Good evening,

As I keep practicing towards the Level I exam, I want to finish my review of the Quantitative Finance material. This post will hence be the follow up of my previous post. I will here discuss how you test a hypothesis on some statistical measure.

## General Concept

The main concept is as follows, you make an initial hypothesis which is called the *null hypothesis*, $H_0$, and which is the statement you want to reject. If $H_0$ is rejected, we hence can accept the alternative hypothesis $H_a$. Of course in statistics, you can never be sure of anything. Hence, you can only reject the null hypothesis with a certain confidence level $\alpha$. It is important to understand that if you can’t reject the null hypothesis, it does not mean that you can accept it! Hence, rejecting the null hypothesis is more powerful than failing to reject it. So, if you want to prove some statement, you should test for its opposite as the null hypothesis; if you can reject it, then you can accept the alternative hypothesis which is your original statement. A test can either be one-tailed or two-tailed, depending on what you want to test.

## First example

Let’s take a simple example: you measure a sample of the returns of the S&P that you assume to be normal. You measure a sample volatility $\mu_s$ and a sample standard deviation $s$. By the central limit theorem, we now that the estimate of the mean follows a law $\mathcal{N}(\mu_0, \frac{\sigma^2}{n})$ where $\mu_0$ is the population mean and $\sigma$ is the population standard deviation. Now, you cannot use your measure $\mu_s$ to say that you found the true population mean, because it’s just a sample statistic. However, what you can say is that, given the fact that you found the sample statistic $\mu_s$ and a given confidence interval $\alpha$, it is highly improbable that the population mean $\mu_0$ was equal to some value $x$. Hence the null hypothesis is $\mu_0=x$.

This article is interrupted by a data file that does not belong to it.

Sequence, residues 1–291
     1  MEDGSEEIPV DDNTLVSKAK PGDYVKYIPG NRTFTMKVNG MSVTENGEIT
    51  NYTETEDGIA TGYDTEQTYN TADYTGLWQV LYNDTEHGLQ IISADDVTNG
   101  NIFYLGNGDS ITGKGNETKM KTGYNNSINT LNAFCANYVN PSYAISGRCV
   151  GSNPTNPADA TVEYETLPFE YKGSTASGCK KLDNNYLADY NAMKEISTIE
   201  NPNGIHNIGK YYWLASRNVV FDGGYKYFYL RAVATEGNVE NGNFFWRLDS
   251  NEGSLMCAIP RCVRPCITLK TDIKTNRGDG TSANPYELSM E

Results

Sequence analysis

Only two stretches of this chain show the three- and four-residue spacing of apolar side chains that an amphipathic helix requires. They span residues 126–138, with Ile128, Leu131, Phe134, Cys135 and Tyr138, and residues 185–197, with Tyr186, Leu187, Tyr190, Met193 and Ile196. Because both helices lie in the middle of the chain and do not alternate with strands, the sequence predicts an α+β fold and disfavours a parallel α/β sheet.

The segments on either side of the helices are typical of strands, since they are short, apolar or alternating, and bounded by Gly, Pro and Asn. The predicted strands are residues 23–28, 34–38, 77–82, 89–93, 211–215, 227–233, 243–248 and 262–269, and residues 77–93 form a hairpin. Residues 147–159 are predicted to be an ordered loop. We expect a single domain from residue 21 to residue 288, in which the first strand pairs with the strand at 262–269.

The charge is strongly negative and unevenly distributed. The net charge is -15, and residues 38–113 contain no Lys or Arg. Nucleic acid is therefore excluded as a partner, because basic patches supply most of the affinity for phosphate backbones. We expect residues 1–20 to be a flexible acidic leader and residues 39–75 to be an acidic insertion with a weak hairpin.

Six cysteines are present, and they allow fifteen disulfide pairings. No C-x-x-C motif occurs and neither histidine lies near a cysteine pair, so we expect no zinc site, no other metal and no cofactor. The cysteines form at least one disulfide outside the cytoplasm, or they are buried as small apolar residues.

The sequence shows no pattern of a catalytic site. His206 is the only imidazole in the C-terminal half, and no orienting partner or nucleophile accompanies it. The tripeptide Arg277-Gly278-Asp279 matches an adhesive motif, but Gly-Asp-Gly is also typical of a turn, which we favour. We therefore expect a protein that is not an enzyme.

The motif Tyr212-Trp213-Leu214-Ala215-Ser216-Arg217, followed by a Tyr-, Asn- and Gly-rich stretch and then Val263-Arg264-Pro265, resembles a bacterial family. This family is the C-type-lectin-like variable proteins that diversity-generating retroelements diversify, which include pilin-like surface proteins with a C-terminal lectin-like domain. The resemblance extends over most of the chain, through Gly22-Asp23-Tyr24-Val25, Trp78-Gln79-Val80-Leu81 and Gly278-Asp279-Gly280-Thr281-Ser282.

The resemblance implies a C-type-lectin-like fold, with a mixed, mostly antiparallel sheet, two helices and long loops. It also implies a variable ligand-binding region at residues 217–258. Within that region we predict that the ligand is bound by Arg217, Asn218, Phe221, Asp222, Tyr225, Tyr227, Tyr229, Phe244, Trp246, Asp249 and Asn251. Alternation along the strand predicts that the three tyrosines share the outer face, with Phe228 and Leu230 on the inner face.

Let’s assume that you found that $\mu_s=0.1$, $s=0.25\%$ and $n=250$. You want to show that $\mu_0 \neq 0$, so you null hypothesis is $\mu_0 = 0$ and with a significance level $\alpha=5\%$. You can compute the z-statistic as follows:

$$ z= \frac{\mu_s-\mu_0}{\frac{s}{\sqrt{n}}} \sim \mathcal{N}(0,1) $$

Now if $\mu_0$ was equal to 0, you know that there is 5% chance that the estimate $\mu_s$ would lie outside the range $\mu_0 \pm z_{2.5\%} = 0 \pm 1.96 = \pm 1.96$ (because the sample statistic can lie on both side of the distribution). The z-statistic was computed at 6.33, which is more than 1.96, so you can reject the null hypothesis $\mu_0=0$ and accept the alternative hypothesis $\mu \neq 0$.

This was a two-tailed hypothesis. One-tailed hypothesis would be looking at only one side of the distribution: $H_0 = \mu_0 \geq 0$ or $H_0 = \mu_0 \leq 0$. As a rule of thumb, you can remember the the null hypothesis **always** contains the “equal” sign.

## P-values

The p-value is the probability (assuming the null hypothesis is true) to have a sample statistic at least as extreme as the one being measure. You compute it by look at the test statistic (6.33 in the previous example) and you find the probability (using the Z-table) that a test statistic can be above that value (and you multiply it by 2 if it is two-tailed). In this case, the p-value is very close to 0. Now, if the p-value of the test statistic is below the significance level of the test, you can reject the null hypothesis. This is useful if you want to discuss statistics without having to impose a certain significance level $\alpha$ to the reader; you can just display the p-value and let him decide whether it’s good enough or not.

There are some other hypothesis tests presented in the curriculum, but this is the main framework to remember. It’s pretty easy, and it allows you to score a lot of points in the quantitative finance part of the exam.